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Archive for September, 2014

*Game of Thrones Spoiler Alert*

Soooo I forgot to do a post on this costume! Back in January of 2014 a few friends and I did a “Red Wedding” cosplay from Game of Thrones. If you don’t know what the red wedding is, I’m sorry. Stop reading and don’t look at any of the pictures. If you do know what the Red Wedding is, I hope you enjoy this costume as much as I did. Don’t worry, we waited a tasteful 6+ months to debut this costume after that sad episode aired; we figured anyone really interested in watching or reading up to that point would have done so already.

Game of Thrones makes for the perfect winter cosplay. Arisia is held in January in Boston, so it was a little cold outside…but we weren’t cold! Our medieval garb allowed full-coverage and lots of comfortable layers. Really, aside from the hair extensions and gore, I could sleep in this costume. Yes, those are hair extensions. On the left we have the freshly stabbed Talisa Stark (aka Jeyne Westerling), in the middle is an impaled Rob Stark, and on the right is his grieving, forever silent mother Catelyn Stark. The dresses themselves were very straight-forward and we easily found patterns to accommodate us. The gore on my Talisa costume is all acrylic paint and nail polish (so that I wouldn’t be sticky. There’s nothing worse than having sticky, unstable gore on a costume that could smudge on someone else). Catelyn used my gelatin wound technique and nail polish to create her neck gash.

The above photo is of a cool Game of Thrones group that we ran into at the convention.

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Recently I made a King’s Landing Handmaiden dress from the ever popular series Game of Thrones. To complete the look, I needed a leather hand-painted belt. This is my step-by step process on how to construct said leather belt. You will need copy paper, a pencil, 3-5oz veg tan leather, leather scissors or a sharp box cutter knife. A leather punch with multiple sizes, a mallet, leather rivets and a leather rivet-setter tool, grommets, a grommet setter, some cord, liquid acrylic paints, and acrylic varnish. Optional leather tooling stamps.

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Start by drafting a pattern with a piece of paper. You can customize the size and shape to accommodate your own measurements. This section represents HALF of the belt. One half, on me, was roughly 10 inches long and 3 inches tall. I recommend experimenting and holding it up to your waist to see what looks good on you. If you have a long torso like me, try a tall belt. If you have a short torso, a short belt may look best.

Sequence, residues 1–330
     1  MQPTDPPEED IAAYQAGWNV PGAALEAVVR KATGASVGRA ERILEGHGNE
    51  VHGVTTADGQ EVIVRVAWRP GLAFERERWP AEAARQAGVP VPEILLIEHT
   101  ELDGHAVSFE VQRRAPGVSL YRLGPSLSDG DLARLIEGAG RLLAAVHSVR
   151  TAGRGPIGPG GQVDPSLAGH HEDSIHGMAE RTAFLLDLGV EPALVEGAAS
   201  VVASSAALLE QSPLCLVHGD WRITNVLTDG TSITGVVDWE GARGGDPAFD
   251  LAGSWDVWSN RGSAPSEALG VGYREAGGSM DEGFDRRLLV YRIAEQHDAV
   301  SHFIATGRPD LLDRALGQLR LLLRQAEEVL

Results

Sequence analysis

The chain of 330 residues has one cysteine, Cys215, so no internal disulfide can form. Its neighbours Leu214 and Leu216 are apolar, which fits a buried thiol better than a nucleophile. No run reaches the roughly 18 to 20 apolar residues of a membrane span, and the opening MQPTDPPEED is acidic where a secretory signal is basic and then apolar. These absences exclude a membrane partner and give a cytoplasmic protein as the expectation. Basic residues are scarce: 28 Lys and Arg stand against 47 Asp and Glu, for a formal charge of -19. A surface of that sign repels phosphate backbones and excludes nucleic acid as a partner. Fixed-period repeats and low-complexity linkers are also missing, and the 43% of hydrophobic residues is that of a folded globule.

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Trace the two halves of your belt onto 3-5oz vegetable tanned leather. Cut out using leather scissors or a box-cutter knife. I find that Scissors are way easier to get a clean cut with. You must take extra care with a knife to keep your edges clean.IMG_1129.JPG

To connect the two halves in the middle, cut some connection pieces for the same leather. I chose to connect the two halves with two thin rectangular strips of leather, but you may choose to use one thicker strip.  Line all the pieces up and mark where to punch holes for your hardware. The smaller holes on the wide side of the belt are for rivets that will join the two halves together. You should punch a hole just big enough to slide a rivet through, and no larger! The larger holes on the thinner end of the belt are for grommets which you will use to lace up the belt when it is complete.

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At this stage you may add any decorative tooling. I’ve done a simple stippling stitch pattern, which I only loosely followed while painting. It adds an extra level of texture and intrigue to the belt but it is not an essential step.

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Time for hardware! Rivet the belt together and insert and secure grommets. You will need a rivet setter and a grommet setter. You can’t make it look pretty with make-shift tools.

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Begin painting and embellishing! I recommend painting before applying any studs or embellishments. I paint my leather with liquid all purpose acrylics, and seal with an acrylic varnish. They come in a range of finishes; I prefer glossy for most projects. The paint that I mixed for the center of the belt had a little shimmer to it, which I think looks nice on a feminine character, but some costumes do not want to look shimmery.

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Hand-painted details will make your belt really stand-out. Here I did a base coat (or two) of pink over the most of the belt and let it dry completely overnight before painting on the flowers. You can draw lightly over dry acrylics with a pencil to plan out your design. Then paint right over the pencil. When the design is completely dry, use a kneaded eraser to lift up any pencil that is still visible. It should come off pretty easily–don’t scrub too hard. Once all the pencil is gone you can varnish the whole belt.
IMG_1189.JPGHere is the belt with the completed handmaiden dress. It really pulls the look together, right?

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